It is hereby certiiied that error appears in the printed specification of the above numbered patent requiring correction as follows:

Column 5, line 12, claim 5, after the word and period receiven and before the signature insert the following claim:

6. A measuring instrument and the like as defined in claim 3 wherein a second light source is positioned in said casing for illuminating said shadow receiver.

and that the said Letters Patent should be read with this correction therein that the same may conform to the record of the case in the Patent Office.

Signed and sealed this 18th day of October, A. D. 1949.

THOMAS F. MURPHY,

Assistant Oommz'ssioner of Patents.

Certificate of Correction Patent No. 2,471,800. May 31, 1949. EGBERT voN MLINEN Itis hereby certified that error appears in the printed specification of the above numbered patent requiring correction as follows:

Column 5, line 12, claim 5, after the Word and period receiven and before the signature insert the following claim:

6. A measuring instrument and the like as defined n claim 3 wherein a second light source 'is positioned 'in said casing for illuminating said shadow rece'wer.

and that the said Letters Patent should be read with this correction therein that the same may conform to the record of the case in the Patent Ofce.

Signed and sealed this 18th day of October, A. D. 1949.

THOMAS F. MURPHY,

Assistant Commissioner of Patents.

Patent Citations
Cited PatentFiling datePublication dateApplicantTitle
US1740130 *Oct 24, 1928Dec 17, 1929Siemens AgMeasuring instrument
US1751584 *Aug 13, 1927Mar 25, 1930Rca CorpPicture transmission
US1935070 *Aug 14, 1929Nov 14, 1933Hartmann & Braun AgIndicator instrument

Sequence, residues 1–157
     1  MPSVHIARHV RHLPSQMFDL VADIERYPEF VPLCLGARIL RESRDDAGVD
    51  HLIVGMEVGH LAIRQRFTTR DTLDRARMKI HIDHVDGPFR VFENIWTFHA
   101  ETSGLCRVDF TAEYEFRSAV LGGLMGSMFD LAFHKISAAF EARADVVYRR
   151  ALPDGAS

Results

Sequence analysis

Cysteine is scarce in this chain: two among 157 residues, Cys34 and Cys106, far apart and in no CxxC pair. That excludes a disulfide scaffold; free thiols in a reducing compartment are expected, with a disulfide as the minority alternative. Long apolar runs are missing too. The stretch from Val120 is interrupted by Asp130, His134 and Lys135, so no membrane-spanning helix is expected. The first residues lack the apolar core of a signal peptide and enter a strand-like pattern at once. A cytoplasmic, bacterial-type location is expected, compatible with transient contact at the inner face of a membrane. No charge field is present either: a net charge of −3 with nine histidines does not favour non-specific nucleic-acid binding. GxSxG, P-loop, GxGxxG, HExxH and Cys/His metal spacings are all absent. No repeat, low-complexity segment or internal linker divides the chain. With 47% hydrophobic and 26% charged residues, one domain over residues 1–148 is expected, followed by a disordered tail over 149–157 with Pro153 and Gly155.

US1997702 *Oct 31, 1933Apr 16, 1935Westinghouse Electric & Mfg CoShadow tuning indicator
US2122750 *Jul 5, 1934Jul 5, 1938Communications Patents IncLine television
US2245970 *May 13, 1940Jun 17, 1941Frantz Forrest HStraight scale indicator
US2286014 *Jan 28, 1941Jun 9, 1942Stanley S LiebermanAirplane angle indicator
USRE21105 *May 11, 1927May 30, 1939 Picture telegraphy
Referenced by
Citing PatentFiling datePublication dateApplicantTitle
US2569579 *Jun 2, 1950Oct 2, 1951Leitz Ernst GmbhProjection measuring device with screen and scale sections
US2705902 *Aug 26, 1953Apr 12, 1955Gen ElectricLight-beam projection indicating instrument
US2725786 *Feb 11, 1954Dec 6, 1955Perkin Elmer CorpOptical card reading apparatus
US2731880 *Nov 2, 1951Jan 24, 1956 Veighing scale apparatus with light
US2737845 *Mar 20, 1951Mar 13, 1956Glowmeter CorpProjection indicating and viewing instrument assembly
US2763181 *Oct 15, 1953Sep 18, 1956Schlumberger ProspectionProjecting indicating and recording apparatus
US2782679 *Oct 19, 1954Feb 26, 1957Citroen Sa AndreOptical projection viewing and indicating means for measuring instruments
US2834250 *Dec 7, 1955May 13, 1958Enea StefaniProjecting clocks provided with rotatable dials
US2850942 *Sep 16, 1955Sep 9, 1958Kelvin & Hughes LtdProjecting indicating means
US3247755 *Sep 19, 1960Apr 26, 1966American Optical CorpComposite image display device formed of fiber ribbons
US3254557 *May 14, 1962Jun 7, 1966Technicolor LtdReading head having a plurality of groups of optically isolated transparent laminae
US3664445 *May 5, 1969May 23, 1972Pitney Bowes IncAvailable light illuminated instrument read-out
US3677619 *Apr 20, 1970Jul 18, 1972Electro Mechanical Instr Co InReadout devices with light conducting channels
US3941485 *Nov 8, 1973Mar 2, 1976Madden Richard ADevice for continuously measuring a dimension of a workpiece by reflected light
US5207498 *Aug 27, 1991May 4, 1993Electrolux CorporationVacuum cleaner headlight
US7506471 *Oct 20, 2004Mar 24, 2009Reckitt Benckiser (Australia) Pty LimitedMousetrap
Classifications
U.S. Classification353/40, 359/436, 116/246, 385/147
International ClassificationH04N5/66, G01R1/02
Cooperative ClassificationH04N5/66, G01R1/02
European ClassificationH04N5/66, G01R1/02